Wednesday, 2 December 2009

Law Abiding Citizen

A depressingly predictable popcorn thriller, Law Abiding Citizen is guilty of crimes against intelligence on all counts. Reducing serious, thorny issues to the level of macho posturing and daft set-pieces is one of its many problems; the fact that lead Gerard Butler exhibits as much charisma as a spatula doesn't help either.

Butler is Clyde Shelton, a happy family man who is forced to watch the horrific rape and murder of his family in the gratuitous opening minutes. Jamie Foxx (what's happened to your career?) is smarmy lawyer Nick Rice with a 96% conviction rate. Keen to maintain the numbers, Rice opts to deal with one of the criminals, getting him off on a murder charge while the other gets a lethal injection.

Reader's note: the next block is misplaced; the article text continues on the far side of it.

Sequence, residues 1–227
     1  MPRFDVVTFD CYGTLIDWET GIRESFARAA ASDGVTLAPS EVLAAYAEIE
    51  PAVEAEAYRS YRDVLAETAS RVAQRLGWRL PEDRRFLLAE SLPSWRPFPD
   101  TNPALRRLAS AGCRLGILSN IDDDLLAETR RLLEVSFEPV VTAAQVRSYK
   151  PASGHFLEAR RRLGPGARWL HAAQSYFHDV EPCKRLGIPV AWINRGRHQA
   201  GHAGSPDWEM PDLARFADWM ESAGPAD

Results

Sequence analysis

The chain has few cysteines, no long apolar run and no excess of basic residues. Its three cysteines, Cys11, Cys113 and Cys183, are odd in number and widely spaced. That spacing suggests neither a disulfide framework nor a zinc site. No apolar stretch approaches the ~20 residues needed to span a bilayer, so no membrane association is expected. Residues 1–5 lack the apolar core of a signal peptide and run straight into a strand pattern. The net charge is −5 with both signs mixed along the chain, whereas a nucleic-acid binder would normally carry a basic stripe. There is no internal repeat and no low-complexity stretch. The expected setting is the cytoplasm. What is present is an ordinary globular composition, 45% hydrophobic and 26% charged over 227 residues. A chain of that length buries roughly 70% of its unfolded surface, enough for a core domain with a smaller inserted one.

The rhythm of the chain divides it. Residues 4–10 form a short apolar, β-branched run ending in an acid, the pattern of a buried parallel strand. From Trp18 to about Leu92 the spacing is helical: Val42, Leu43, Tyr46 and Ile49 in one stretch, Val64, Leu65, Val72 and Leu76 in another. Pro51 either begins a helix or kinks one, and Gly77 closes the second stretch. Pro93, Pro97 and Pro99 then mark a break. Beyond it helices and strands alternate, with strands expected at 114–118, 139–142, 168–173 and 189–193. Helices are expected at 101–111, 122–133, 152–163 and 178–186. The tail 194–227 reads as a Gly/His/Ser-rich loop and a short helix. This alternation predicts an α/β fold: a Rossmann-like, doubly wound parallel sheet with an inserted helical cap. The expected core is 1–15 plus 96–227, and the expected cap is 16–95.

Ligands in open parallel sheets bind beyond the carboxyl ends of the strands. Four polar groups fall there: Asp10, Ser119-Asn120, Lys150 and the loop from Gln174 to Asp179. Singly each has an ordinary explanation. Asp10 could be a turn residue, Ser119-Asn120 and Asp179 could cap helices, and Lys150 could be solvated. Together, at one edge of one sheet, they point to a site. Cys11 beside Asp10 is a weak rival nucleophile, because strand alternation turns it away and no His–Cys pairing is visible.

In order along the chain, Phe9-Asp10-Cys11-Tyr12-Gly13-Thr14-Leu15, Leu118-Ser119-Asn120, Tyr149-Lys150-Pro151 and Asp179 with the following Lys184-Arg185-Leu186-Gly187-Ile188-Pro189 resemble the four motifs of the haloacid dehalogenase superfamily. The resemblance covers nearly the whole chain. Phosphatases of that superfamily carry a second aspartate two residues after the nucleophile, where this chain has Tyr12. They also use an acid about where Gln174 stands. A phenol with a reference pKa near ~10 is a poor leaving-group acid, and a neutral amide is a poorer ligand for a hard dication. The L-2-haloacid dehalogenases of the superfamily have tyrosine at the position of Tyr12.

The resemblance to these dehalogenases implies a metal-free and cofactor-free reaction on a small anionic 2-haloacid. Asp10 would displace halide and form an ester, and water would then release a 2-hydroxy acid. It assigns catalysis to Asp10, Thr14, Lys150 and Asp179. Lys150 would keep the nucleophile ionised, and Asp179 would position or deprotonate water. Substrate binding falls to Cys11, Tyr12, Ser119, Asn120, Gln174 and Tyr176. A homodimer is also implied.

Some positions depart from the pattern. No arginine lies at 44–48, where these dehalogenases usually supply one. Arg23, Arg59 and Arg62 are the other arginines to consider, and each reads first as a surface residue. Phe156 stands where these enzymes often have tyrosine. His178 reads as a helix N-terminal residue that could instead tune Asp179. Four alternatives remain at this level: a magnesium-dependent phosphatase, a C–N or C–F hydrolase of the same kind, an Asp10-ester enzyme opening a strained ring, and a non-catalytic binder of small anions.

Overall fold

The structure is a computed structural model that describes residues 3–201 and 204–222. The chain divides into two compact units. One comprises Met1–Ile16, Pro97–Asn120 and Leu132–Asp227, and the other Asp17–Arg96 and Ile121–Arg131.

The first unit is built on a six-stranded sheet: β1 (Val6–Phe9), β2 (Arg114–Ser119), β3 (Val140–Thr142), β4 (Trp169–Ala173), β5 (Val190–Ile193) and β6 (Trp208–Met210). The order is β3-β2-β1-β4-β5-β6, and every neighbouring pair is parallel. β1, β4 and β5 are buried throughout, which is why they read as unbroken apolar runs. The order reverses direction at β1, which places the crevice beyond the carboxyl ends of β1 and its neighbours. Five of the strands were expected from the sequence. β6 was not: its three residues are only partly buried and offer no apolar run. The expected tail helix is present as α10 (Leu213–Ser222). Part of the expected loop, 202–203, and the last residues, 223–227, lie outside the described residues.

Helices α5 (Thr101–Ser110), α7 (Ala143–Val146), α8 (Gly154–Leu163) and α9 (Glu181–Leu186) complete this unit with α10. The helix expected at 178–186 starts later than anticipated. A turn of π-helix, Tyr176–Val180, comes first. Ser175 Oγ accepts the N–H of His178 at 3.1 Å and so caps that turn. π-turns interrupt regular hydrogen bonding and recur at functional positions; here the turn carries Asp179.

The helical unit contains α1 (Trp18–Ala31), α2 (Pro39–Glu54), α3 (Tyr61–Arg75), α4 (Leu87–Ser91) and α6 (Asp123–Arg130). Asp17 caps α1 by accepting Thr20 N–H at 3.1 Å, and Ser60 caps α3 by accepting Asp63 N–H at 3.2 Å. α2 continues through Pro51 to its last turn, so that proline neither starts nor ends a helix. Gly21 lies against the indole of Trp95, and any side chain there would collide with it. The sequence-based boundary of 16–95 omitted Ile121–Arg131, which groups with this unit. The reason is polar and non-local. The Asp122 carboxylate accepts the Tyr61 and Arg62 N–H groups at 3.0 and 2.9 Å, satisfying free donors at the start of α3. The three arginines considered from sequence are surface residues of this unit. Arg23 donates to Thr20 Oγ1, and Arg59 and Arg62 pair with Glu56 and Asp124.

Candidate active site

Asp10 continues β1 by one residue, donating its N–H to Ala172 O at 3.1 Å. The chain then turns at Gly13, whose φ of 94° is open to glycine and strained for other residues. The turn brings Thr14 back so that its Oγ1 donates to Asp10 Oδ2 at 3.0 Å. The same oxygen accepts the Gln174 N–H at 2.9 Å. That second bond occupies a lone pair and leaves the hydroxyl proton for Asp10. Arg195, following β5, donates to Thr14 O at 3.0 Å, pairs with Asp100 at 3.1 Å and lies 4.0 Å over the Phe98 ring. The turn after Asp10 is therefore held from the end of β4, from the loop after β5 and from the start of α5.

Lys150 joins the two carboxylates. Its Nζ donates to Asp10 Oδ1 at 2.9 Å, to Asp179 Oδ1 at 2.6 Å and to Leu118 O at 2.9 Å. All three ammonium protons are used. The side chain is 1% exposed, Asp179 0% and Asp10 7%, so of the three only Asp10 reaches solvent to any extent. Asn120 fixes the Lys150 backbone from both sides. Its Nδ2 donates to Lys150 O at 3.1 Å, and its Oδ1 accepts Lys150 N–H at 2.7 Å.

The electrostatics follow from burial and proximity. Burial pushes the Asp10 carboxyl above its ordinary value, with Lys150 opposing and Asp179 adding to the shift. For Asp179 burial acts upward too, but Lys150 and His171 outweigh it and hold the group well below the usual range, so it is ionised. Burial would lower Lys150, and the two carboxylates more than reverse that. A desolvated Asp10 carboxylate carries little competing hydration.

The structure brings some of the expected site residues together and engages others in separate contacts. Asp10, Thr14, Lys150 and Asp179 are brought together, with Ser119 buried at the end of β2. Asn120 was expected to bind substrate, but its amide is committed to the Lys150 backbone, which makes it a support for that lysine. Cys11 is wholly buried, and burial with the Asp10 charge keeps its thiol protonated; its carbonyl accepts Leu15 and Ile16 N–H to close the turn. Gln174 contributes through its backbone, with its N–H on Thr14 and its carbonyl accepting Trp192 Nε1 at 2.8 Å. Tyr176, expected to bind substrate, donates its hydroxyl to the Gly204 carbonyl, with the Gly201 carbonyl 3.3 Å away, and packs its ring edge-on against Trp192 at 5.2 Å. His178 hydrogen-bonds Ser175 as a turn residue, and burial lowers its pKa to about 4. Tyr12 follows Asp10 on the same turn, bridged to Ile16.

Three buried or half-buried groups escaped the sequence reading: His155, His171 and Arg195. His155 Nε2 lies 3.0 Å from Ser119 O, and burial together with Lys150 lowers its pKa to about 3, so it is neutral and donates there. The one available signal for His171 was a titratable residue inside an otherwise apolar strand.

Shelton, understandably, is a bit pissed and lo, ten years later, his enemy's public execution goes horribly wrong. Soon, the other culprit is found in four pieces. Is he behind it? Does the audience give a damn? Frankly the jury's out as F. Gary Gray's movie makes an awful hash of the intriguing subject matter.

Hardly a considered director (The Italian Job remake; erm...other things), he's an awful fit for the material, aiming for titillation rather than aggravation. A Saw-esque torture scene is clearly supposed to dredge all sorts of murky undercurrents; instead it reduces Butler to a ridiculous Hannibal Lecter wannabe, something than only increases when appearing to continue his killing spree from behind bars, causing the city and Foxx to go into meltdown.

For all its dramatic low camera angles of imposing courtrooms and weighty legal talk, it's far less intelligent than it thinks, wasting Foxx with a vacuous, as opposed to unlikeable, character and finishing with one of the lamest twists in recent memory. The issue isn't what it leaves you thinking about; it's that you're not thinking at all.

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